Here's one way CEDAW has affected us:
Three states in Australia, including Victoria, have legislation restricting IVF to infertile married couples or de facto heterosexual couples who have been living together for at least two years.
A single woman, Lisa Meldrum, who had had several relationships but had failed to become pregnant in the usual way, applied to have IVF. She said it was inconvenient for her to travel to New South Wales to have the treatment (NSW has no law against IVF for singles). Her doctor, John McBain, appealed to the Federal Court against Victoria's law restricting IVF to marrieds. The basis of the appeal was that the Victorian law was in breach of the Federal Sex Discrimination Act which implemented CEDAW. McBain won the appeal, the Victorian government did not defend their own law (because now we have a Labor government sympathetic to feminists and lesbians who think it is ok for single women to have babies). Mr. Justice Sundberg of the Federal Court found in favour of McBain/Meldrum.
The Catholic Bishops of Australia and the Australian Family Association appealed the Sundberg decision to our High Court (equivalent to the US Supreme Court) and after months of deliberation, the High Court ruled that the Catholic Bishops and the AFA had no standing in the case as they were not parties to the original appeal and were not affected by the decision. The High Court made no ruling on the Sundberg decision itself as so far no one other than the Catholic Bishops and the AFA have appealed against Sundberg, and neither had been granted standing.
Mr. Ellicott, our federal Attorney General in 1980 who had signed CEDAW on behalf of Australia in Copenhagen (when Malcolm Fraser was our Prime Minister and Judy Carter signed on behalf of the USA) was the lawyer acting for the Catholic Bishops. His brief was that when the Treaty was signed, CEDAW and the Sex Discrimination Act which implemented it in Australia, were intended to apply to discrimination in employment and in the provision of goods and services, e.g. jobs and rental properties, and it was not intended to apply to the deliberate creation of single-mother families. Howard has promised to enact legislation to support this interpretation, but that only brings the issue back to the states, three of which have laws they don't bother to defend, and the other states don't regulate IVF for singles at all. And anyway Howard may not be able to get the legislation through our Senate - he doesn't have the numbers there.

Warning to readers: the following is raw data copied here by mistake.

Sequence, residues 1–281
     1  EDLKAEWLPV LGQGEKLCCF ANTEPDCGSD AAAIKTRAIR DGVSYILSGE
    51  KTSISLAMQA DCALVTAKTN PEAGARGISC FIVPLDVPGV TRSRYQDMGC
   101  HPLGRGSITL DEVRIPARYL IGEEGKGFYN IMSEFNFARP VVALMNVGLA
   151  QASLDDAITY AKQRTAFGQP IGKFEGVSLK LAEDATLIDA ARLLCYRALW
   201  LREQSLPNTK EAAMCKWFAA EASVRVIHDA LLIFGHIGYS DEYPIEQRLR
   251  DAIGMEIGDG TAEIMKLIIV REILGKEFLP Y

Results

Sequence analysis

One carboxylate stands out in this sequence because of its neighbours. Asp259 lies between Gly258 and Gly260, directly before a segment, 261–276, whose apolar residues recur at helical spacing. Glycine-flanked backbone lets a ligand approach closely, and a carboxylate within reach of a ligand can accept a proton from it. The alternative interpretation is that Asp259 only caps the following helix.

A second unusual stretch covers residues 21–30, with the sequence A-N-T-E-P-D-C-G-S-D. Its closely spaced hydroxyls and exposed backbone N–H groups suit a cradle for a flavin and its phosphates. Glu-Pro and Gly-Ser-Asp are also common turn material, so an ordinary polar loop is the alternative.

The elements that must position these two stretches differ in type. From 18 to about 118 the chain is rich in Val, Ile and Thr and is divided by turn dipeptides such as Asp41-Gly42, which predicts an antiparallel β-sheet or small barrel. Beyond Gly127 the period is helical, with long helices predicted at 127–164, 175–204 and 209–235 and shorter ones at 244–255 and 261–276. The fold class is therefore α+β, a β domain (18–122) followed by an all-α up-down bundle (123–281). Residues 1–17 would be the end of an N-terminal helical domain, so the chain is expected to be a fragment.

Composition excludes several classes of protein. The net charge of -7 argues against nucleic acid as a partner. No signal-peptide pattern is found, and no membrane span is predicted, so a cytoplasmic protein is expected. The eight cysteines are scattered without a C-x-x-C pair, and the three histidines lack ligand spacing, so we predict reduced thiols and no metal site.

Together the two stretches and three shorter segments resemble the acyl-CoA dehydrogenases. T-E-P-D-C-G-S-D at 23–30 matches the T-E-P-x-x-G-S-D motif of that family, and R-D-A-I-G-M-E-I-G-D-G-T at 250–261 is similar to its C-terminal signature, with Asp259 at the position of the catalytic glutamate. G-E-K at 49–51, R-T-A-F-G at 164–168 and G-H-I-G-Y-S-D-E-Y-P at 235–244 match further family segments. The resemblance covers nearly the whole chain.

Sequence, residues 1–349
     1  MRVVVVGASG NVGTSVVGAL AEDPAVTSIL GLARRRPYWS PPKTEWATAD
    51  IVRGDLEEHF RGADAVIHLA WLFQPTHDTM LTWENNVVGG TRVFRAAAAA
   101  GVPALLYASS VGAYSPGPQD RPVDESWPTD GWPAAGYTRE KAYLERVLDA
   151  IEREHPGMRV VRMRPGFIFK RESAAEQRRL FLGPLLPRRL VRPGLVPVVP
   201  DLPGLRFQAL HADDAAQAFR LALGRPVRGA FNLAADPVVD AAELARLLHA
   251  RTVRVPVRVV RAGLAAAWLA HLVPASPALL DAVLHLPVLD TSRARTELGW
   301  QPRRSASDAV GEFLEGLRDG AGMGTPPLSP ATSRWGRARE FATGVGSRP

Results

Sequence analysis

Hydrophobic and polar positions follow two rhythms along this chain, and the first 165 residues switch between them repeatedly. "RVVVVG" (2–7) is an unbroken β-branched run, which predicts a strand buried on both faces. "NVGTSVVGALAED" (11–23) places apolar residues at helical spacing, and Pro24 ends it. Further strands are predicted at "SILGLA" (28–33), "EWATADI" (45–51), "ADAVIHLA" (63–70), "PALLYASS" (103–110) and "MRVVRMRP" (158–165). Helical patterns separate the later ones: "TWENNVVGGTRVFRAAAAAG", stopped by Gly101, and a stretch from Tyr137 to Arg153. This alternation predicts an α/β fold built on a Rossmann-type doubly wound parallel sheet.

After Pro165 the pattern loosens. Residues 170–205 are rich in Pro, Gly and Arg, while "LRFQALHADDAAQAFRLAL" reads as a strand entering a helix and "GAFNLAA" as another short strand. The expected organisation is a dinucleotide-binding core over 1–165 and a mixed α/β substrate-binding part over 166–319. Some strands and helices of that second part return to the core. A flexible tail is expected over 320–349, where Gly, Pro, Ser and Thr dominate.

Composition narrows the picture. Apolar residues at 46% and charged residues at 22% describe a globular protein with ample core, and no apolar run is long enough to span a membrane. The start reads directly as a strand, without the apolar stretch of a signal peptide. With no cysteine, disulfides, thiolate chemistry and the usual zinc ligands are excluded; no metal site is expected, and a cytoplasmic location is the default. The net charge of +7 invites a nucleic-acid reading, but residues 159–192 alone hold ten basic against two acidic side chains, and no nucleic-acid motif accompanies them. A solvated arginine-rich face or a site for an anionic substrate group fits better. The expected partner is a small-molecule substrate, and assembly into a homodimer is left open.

This is just one example of how CEDAW and its implementing legislation can be interpreted in ways damaging to our concept of marriage and family, and to taxpayers for that matter. While taxpayers are generous in supporting mothers who are single because they are unmarried and deserted, widowed or divorced, it is quite a different matter deliberately creating single-motherhood. Furthermore, while taxpayers are willing to pay that portion of IVF which is funded through Medicare for couples who are infertile, it is quite another matter to pay for IVF for women who are NOT infertile (although Lisa Meldrum probably was) like lesbians who claim they are not medically infertile but are "socially" infertile because they don't want to have relationships with men.
A sad postscript: A lesbian couple who had a child through IVF, found that the father (a gay donor) wanted to see his son on weekends, birthdays etc. They fought this in the courts saying he had signed an agreement that he would not ask for visiting rights. They lost in the Family Court which found that the father had some right to see his son. One of the lesbians then killed the boy and killed herself. She and her partner had apparently had a row the previous night, it is not clear what happened to her partner, but she may have left. This has just happened in Melbourne. (reported in the Herald Sun, 2 August 2002).
If the US ratifies CEDAW, your judges will have a picnic interpreting it in all sorts of novel ways.
from: Babette Francis, president, Endeavour Forum